touch, I thought; literary critic Carol A. Senf pointed out many years
      ago that the "heroes," not the Count, do most of the law-breaking in
      the story. All these characters are taken directly from Stoker's
      notes, as are almost all the incidents inserted into the original
      narrative. Moreover, Emerson interweaves threads alluding to the Jack
      the Ripper murders, which Stoker mentions in his introduction to the
      Icelandic edition of DRACULA (also incorporated herein). Stoker's
      epistolary style with its multiple viewpoints makes it easy for
      Emerson to add new material without jarring against the flow of the
      existing work. In the scenes where he actually inserts new characters
      and dialogue into the classic text, he does it smoothly enough that I
      believe a reader not intimately familiar with DRACULA wouldn't notice
      any discontinuity. While I'm not sure most critics would argue that
      enlarging the cast of characters and lengthening an already long,
      complex novel exactly improves it, this is a fascinating project and a
      delightful read. It's indispensable for the library of any Dracula
      scholar or devoted Dracula fan. My only reservations about the
      smoothness of the altered plotline concern the suggestion that the
      wolf/dog escaping from the wrecked ship at Whitby is a natural animal,
      not the Count himself (which strikes me as an unnecessary frill), and
      the fact that the numerous hints about something strange in Arthur
      Holmwood's family history are left as an unexplained enigma. The
      book's most interesting feature is the list of endnotes, 199 in all,
      meticulously detailing the source of every change Emerson made to the
      original text. The only true defect is a pitfall of self-publishing,
      the appearance of more typos than I consider acceptable. However,
      there probably aren't enough to distract a reader who doesn't have (as
      I do, from my day job) the eye of an obsessive proofreader. (Shame on
      the author, though, for allowing the persistent misspelling of
      "excerpt" to remain in the endnotes; spellcheck would have caught
      that.) If you have a special fondness for the Transylvanian Count,
      swoop over to Xlibris.com and order this very reasonably priced trade

      HIGH NOON, by Nora Roberts. This is the first full-length novel by
      Roberts I've read outside her J. D. Robb "In Death" series about
      near-future homicide detective Eve Dallas. I picked up HIGH NOON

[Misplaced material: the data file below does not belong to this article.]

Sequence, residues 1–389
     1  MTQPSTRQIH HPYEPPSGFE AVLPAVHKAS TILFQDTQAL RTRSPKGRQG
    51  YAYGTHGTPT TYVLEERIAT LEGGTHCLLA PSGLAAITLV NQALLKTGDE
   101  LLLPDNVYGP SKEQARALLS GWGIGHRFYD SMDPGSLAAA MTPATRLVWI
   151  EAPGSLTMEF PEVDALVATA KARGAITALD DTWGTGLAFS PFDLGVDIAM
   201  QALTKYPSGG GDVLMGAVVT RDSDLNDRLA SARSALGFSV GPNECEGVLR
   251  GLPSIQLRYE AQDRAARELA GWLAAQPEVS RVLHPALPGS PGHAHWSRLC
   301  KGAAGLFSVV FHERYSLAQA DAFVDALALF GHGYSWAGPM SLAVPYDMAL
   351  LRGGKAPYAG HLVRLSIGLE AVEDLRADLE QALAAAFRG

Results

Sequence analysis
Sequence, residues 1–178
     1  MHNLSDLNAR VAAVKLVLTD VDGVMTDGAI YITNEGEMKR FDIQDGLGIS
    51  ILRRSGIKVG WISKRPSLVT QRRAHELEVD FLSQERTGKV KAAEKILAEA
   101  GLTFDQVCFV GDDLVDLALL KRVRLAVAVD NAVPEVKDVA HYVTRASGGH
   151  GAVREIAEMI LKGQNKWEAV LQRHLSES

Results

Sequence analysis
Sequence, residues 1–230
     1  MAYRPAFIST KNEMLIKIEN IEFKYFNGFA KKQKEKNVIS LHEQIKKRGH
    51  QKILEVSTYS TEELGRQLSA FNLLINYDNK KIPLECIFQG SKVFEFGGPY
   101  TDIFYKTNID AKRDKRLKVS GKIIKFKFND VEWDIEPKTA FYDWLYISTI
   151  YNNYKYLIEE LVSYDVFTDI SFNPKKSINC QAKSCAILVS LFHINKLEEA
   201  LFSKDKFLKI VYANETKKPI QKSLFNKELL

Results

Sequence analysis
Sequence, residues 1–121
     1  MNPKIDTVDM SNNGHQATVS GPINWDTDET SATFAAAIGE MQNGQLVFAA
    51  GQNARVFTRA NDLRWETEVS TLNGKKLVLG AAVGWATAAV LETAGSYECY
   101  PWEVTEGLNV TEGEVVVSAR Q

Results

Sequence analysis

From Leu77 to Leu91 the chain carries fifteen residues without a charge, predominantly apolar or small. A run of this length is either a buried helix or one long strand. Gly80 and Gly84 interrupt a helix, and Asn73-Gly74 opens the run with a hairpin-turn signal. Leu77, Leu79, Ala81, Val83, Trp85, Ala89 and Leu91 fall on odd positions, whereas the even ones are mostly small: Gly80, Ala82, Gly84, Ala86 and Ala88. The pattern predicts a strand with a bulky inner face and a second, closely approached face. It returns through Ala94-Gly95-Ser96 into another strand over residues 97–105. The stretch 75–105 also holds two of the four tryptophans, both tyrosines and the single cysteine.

because of its police procedural thriller plot, which I thought would
      certainly appeal to me as a fan of the Eve Dallas novels. It's a tale
      of breathtaking suspense with warm, three-dimensional characters.
      Police Lieutenant Phoebe MacNamara, a hostage negotiator in Savannah,
      meets charming, easygoing millionaire Duncan Swift while talking one
      of his employees out of jumping off a roof. Soon afterward, Phoebe
      suffers hostility from a police officer who defied her authority
      during the negotiation. Around the time he ambushes her inside police
      headquarters and beats her up, she begins to receive mysterious
      threats. At first the reader will think the suspended policeman is
      responsible, but it soon becomes clear that isn't the case, so I don't
      think this revelation is too much of a spoiler. In the earlier part of
      the book I had misgivings about her being coincidentally targeted by
      two attackers at the same time, but both situations arise from her
      work as a hostage negotiator, and the threads are pulled together in a
      way that makes elegant plot and thematic sense. Phoebe, a divorced
      single mother, has responsibility not only for her seven-year-old
      daughter but also her agoraphobic mother, whose condition traps her in
      the house left to Phoebe (with ironclad conditions) by the
      disagreeable, controlling aunt who took in Phoebe and her widowed
      mother when they had nowhere else to turn. Phoebe's past has
      fascinating depths, and all the secondary characters are thoroughly
      engaging. The growth of love between Phoebe and Duncan rings true, as
      do her reservations about letting someone new into her heart.